This year’s Hackpack was our most advanced yet. Sporting a joystick, 7 buttons, a touchscreen, a massive battery, and Linux on a Raspberry Pi Zero W, we hoped to craft the perfect badge for both our conference and your next handheld computing project.
We also designed it with a special goal in mind: to release under an open hardware license. That’s why today we’re proud to announce the hardware collateral and assembly instructions are available under the Solderpad 2.0 license.
Building Twilio’s Hardware Badge
We designed and built v4 of the Hackpack using version 5 of KiCad. And even if you never fire up KiCad, you can take the gerbers to your favorite PCB house and (with a fair bit of soldering) produce a working badge.
If you want to take the design further? In our repository, you’ll find board files, schematics, a bill of materials, renders, and the aforementioned pre-exported gerbers.
You’ll also find advanced assembly instructions for some of the trickier parts.
(And yes, the joystick is a bear to solder.)
Making it Work with Twilio’s Firmware and Drivers
In addition to the parts listed in the repository, you’ll also need to find a Raspberry Pi Zero W.
- Use either our Kiosk breakout image or our firmware repository with a vanilla Raspbian installation.
- Burn to a 8GB or larger MicroSD card.
- Once the script runs or the image is burned, the device should Just Work™ with your SD.
- You’ll have our drivers running on your Hackpack ready for your next project.
Note that you can use a Micro USB OTG cable and a micro HDMI breakout to use the Hackpack like a desktop computer. Having the setup at hand eases development and installation.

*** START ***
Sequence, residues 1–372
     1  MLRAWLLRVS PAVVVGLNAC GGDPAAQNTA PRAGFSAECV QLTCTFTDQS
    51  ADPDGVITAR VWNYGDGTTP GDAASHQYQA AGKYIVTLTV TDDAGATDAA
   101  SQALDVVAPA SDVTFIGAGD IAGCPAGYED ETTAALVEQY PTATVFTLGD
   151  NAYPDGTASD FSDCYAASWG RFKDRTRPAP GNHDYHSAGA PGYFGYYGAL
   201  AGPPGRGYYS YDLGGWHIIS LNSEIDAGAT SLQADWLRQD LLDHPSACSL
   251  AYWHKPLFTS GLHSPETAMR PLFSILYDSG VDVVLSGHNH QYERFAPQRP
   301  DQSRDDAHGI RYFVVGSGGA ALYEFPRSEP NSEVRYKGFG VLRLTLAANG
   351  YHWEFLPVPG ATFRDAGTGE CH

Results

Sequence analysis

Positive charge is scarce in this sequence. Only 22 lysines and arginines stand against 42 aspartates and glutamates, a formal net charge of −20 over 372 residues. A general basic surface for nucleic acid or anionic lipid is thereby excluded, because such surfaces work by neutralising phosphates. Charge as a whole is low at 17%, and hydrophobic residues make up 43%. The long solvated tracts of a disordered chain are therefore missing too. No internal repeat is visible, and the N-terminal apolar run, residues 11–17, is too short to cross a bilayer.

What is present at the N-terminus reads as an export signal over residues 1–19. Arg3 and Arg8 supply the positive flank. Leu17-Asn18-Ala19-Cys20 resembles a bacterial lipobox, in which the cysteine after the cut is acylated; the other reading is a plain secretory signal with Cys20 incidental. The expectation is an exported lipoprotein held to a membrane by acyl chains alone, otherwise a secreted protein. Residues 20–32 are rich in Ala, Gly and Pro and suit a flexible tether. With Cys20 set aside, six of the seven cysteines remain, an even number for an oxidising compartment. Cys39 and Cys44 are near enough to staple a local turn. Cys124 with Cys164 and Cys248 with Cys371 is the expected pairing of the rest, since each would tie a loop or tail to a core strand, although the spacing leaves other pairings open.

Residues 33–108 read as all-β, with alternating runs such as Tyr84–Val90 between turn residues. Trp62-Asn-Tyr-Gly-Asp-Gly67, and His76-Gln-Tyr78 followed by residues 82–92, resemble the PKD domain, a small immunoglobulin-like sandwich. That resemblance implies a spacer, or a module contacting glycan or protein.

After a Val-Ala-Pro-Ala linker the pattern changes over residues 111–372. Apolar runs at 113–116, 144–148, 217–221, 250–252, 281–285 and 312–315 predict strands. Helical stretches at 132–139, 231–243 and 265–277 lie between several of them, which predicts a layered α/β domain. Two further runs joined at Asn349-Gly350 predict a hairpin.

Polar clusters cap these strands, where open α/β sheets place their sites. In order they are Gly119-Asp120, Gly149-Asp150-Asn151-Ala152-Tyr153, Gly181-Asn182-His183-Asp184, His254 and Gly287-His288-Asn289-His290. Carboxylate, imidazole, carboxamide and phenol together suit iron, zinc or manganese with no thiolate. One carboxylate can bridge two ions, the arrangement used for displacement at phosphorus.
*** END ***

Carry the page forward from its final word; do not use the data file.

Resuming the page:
As a bonus, we even have some games pre-installed with the firmware:
Craft Your Next Project – or Your Own Badge
Hopefully we’ve created an enjoyable base for you to build upon.
We built the Hackpack v4 in the style of a vertical handheld gaming device. It has UART broken out on a Grove Header, one S***** Add-On (SAO) header (i2c), and 5 addressable 65k color LEDs. For more advanced modifications, there are a number of unused channels on our A/D converter for you to add additional inputs. It already has Linux onboard with drivers for the touchscreen, display, buttons, and LEDs.
While we’re thrilled with the Hackpack platform and framework we’re releasing today, we know you’re going to take it to new heights. We’re especially excited to see how you improve the platform, and hope you release your modifications under a permissive license where we might incorporate them in a future design.
We can’t wait for you to get into the hardware, probe it, and test the limits. We’re extremely excited to see how you modify and improve the badge. And, as always, we can’t wait to see what you build.
For more information on the Hackpack and firmware, see our dedicated Hackpack website.